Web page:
Sunday, September 14, 2008

A foray into the world of beer...

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For some time now my good friend Rick from the [BW] Beer Blog has been introducing me to the world of speciality beer -- all the while I have been introducing him to the world of good wine. We were commenting the other day how complementary the two pursuits have been for us, although the journey into wine is certainly more financially disadvantageous for him than beer is to me. Nonetheless, I digress.

As I have experienced more and better beer, I am starting to identify and appreciate a lot of the nuance present among the hops and barley. It really is an industry, like the world of wine, with it's own vocabulary, food pairings, deliciousness, and passion in the creation and consumption process. This weekend I got to try Deschutes Brewery's The Abyss. This imperial stout, aged in French oak, pinot noir, and bourbon barrels , has immense depth with its rich and complex flavors. Notes of coffee, chocolate, molasses and licorice pull you into the abyss, and the 9-ish percent alcohol makes it a fun ride.

I'll leave the intellectual analysis to the beer experts, but I will say that I really enjoyed this brew and my realiziation of the correlations between beer and wine is certainly an exciting one that I will explore further.


Sunday, September 7, 2008

Doing A Great Wine Justice

I have hesitated writing and publishing this post because I have wanted to make sure that I did it justice. I doubt I am alone in being one who may struggle with conveying the great work of the wine makers and others who have been involved in us (The Oregon Wine Blog contributors) having a great experience to the readers.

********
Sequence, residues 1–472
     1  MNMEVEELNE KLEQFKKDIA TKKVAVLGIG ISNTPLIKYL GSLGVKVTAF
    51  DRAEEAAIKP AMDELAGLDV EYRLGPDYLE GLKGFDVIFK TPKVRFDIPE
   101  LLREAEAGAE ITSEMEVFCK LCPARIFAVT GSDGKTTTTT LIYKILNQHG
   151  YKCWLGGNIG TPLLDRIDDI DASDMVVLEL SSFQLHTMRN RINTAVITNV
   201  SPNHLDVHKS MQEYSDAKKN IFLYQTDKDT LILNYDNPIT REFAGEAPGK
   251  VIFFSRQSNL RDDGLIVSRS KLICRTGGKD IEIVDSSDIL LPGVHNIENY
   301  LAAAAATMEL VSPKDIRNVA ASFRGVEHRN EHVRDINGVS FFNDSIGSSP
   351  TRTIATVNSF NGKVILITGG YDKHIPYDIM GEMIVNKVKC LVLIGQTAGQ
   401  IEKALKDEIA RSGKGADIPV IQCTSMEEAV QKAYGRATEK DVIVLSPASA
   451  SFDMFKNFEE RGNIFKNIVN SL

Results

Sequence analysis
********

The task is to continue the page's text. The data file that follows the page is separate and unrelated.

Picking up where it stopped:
Josh wrote that some of us went to the Tri-Cities and Walla Walla area a couple of weeks ago. One of the wineries we visited was Terra Blanca. Terra Blanca is located in the Red Mountain region of South Central Washington, just west of the Tri-Cities in Benton City, Washington. This was not my first time at Terra Blanca, but this visit allowed me to really see the scenery and beauty that the summer held in the Red Mountain area - my previous visit having been in the winter, I can now easily contrast the two seasons here.

We arrived at Terra Blanca with it being our last stop in a day full of tasting in the Tri-Cities area. It was a very picturesque summer day with a the sun shining brightly and only a few clouds in the sky. We walked under the terrace, draped in various types of foliage, toward the main building, and behind us we could see Red Mountain for which the region is famous for. The Terra Blanca website has a little bit of history which can be found here.